What a crazy day in sports.
NFL legend Junior Seau dies of an apparent suicide. Four current or former New Orleans Saints players were suspended for their roles in the NFL bounty scandal. The New York Rangers beat the Washington Capitals in a triple overtime classic in the NHL Playoffs. There were three walk-off home run winners in Major League Baseball, and Jered Weaver of the Angels tosses a no-hitter against the Minnesota Twins. The Indians did their part on the local side of things, with a thrilling 6-3 win in Chicago to even the series with the Chicago White Sox.
The big story coming into this one was the debut of Johnny Damon, the man who the fans and the front office are looking to to provide a charge to the sagging offense. Johnny made four plate appearances, going 0-3 with a walk, and then had to be taken out of the game after six innings due to a new phrase that was running wild on twitter last night: “General Cramping.”
“I felt it in my hands, the back, the calves,” Damon said. “I was like, ‘You’ve got to be kidding me.’ Sometimes I guess when you get jacked up and ready to go, this kind of stuff can happen. I plan to be ready tomorrow.”
As it turns out, they wouldn’t need Damon in this one to pull out the W. It was the long ball and a big time clutch hit that did it.
From the start however, it looked as if we were heading down the same road we’ve seen offensively during the last homestand. In the first inning, Jason Kipnis walked and Asdrubal Cabrera followed with a ground-rule double which forced Kipnis to stay at third. Shin-Soo Choo and Travis Hafner then failed to come through in a strikeout sandwich with a Carlos Santana walk as the middle against Sox righty Phil Humber.
They loaded the bases again in the third with one out on a Kipnis single, a Cabrera walk, and Hafner being drilled in the knee with a pitch. Once again, nothing came of it after Santana and Choo both struck out. After these two fiascos where the Tribe stranded six runners, the numbers with the bases loaded moved to a putrid 3-26 (.115) overall and 0-14 with two out.
Here we go again? Not so fast.
Josh Tomlin, Manny Acta’s “Little Cowboy” made quick work of the Sox in the first three innings but was touched up for an Adam Dunn solo homer in the fourth. With Chicago ahead 1-0, the Tribe attack finally struck back with some two out lightning. With nobody on Cabrera walked a second time and Hafner singled, bringing Santana to the plate with another RBI chance. He took full advantage by absolutely tattooing a Humber pitch deep into the right field seats to put the Tribe on top 3-1.
The lead was short lived as Tomlin struggled in the bottom half of the frame.
The Sox had two on with two out and Tomlin had a chance to get out of the jam, but he walked Alejandro De Aza on four pitches to load the bases. The then .202 Alexei Ramirez singled to left, scoring two to tie things at three. We got our first taste of the Johnny Damon arm experience on the Ramirez hit. His throw to third was Aaron Cunningham-esque; a grounder. As long as Damon hits, we won’t care about his defense, but just prepare yourself for the fact that everyone will be running on him on any hit to left field.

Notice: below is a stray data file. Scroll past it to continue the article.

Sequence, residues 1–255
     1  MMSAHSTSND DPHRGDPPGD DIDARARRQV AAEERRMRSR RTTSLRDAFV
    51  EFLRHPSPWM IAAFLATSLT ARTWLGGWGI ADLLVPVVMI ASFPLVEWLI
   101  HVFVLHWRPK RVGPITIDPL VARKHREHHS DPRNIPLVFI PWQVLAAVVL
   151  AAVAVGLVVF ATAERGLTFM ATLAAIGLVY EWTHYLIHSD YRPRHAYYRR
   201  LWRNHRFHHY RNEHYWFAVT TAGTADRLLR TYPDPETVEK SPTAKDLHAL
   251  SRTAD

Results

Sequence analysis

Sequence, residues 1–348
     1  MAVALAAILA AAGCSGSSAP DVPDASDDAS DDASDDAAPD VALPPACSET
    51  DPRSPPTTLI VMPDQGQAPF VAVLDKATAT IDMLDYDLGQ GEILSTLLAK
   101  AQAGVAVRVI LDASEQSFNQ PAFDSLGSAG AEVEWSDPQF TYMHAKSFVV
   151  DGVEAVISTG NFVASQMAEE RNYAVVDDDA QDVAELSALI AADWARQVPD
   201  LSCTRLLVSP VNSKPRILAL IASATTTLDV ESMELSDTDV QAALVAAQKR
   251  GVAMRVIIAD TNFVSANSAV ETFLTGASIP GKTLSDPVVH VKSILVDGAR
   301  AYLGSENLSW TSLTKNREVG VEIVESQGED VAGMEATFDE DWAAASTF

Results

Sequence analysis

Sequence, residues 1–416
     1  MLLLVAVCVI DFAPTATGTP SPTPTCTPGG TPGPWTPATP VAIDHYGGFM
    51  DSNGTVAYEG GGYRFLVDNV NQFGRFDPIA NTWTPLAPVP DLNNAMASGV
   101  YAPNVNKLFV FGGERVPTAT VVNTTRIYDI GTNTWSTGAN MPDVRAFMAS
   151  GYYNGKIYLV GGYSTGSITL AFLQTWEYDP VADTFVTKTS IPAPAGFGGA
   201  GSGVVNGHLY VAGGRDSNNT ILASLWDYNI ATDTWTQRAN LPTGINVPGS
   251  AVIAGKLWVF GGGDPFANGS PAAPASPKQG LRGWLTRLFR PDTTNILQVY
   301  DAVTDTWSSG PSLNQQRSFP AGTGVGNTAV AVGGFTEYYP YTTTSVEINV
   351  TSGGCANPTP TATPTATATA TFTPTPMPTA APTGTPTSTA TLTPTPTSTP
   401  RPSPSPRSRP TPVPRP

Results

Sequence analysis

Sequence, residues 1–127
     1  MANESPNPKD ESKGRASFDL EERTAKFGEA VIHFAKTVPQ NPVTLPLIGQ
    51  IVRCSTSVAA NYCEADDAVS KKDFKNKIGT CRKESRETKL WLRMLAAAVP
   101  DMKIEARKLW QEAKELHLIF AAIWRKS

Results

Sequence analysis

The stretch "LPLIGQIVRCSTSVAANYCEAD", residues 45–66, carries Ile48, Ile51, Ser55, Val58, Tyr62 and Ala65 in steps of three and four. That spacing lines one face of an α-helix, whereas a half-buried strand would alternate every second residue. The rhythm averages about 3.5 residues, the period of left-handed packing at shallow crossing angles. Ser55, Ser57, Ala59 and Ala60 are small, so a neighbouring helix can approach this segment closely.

After Tomlin and Humber both got through the sixth unscathed, the game turned into the battle of the bullpens. Advantage: Bullpen Mafia.
Sox lefty Will Ohman and Tribe side-arm special Joe Smith traded scoreless frames in the seventh, moving things forward. Ohman got the first two Indians in the eighth before Michael Brantley singled. Casey Kotchman, in a 2-30 skid and hitting .143 on the season, actually worked a walk, putting the go-ahead run in scoring position for Mr. Clutch himself, Jack Hannahan.
“I love coming up with guys in scoring position,” Hannahan said.
Interestingly, White Sox rookie manager Robin Ventura decided to pull the lefty Ohman for hard throwing rookie right-hander Addison Reed. Lefty, righty, knucker-baller, side-armer, it just doesn’t seem to matter to Hannahan in big spots. Jackie laced a double down the left field line scoring Brantley and putting the Indians in the lead.
It never gets old looking at these stats: Hannahan is now hitting .500 (9-18) with 15 RBIs with runners in scoring position, 8-13 (.615) with 12 RBIs with two outs and runners in scoring position!
“Jack Hannahan is a two-out, RBI machine,” said Joe Smith, who thanks to Hannahan was the winning pitcher for the first time this season.
“Early on in my career, when I’ve had guys in scoring position, I was trying to do too much,” Hannahan explained. ”I was trying to hit that home run instead of just hitting the ball the other way or hitting a ground ball up the middle. I’ve found out this year that less is more. I’m just trying to put the bat on the ball.”
The Tribe wasn’t done though. They got two huge insurance runs in the ninth thanks to a Hafner two-run blast off of lefty Matt Thornton. Hafner limped around the bases, still feeling the soreness of being hit in the knee by a a Humber pitch earlier in the game. But I will say this, Pronk looks like he is back. When he has been healthy the past year-plus, his batting eye is there. He is stinging the ball off the bat and looks closer to the man who was so good during the middle part of the last decade.
With a three-run cushion, closer Chris Perez settled in and got the Sox 1-2-3 for his eighth save. It was a gritty win for this group, who now sit alone in first place in the AL Central. They go for another series win tonight with ace Justin Masterson (0-2, 5.40 ERA) taking the hill. Its May 3rd and he is still looking for his first win of the season. The Sox counter with lefty John Danks (2-3, 6.23 ERA) who beat the Tribe on April 11th, but was shaky going just five and two-thirds and allowing four runs on seven hits.
(AP Photo/Charles Rex Arbogast)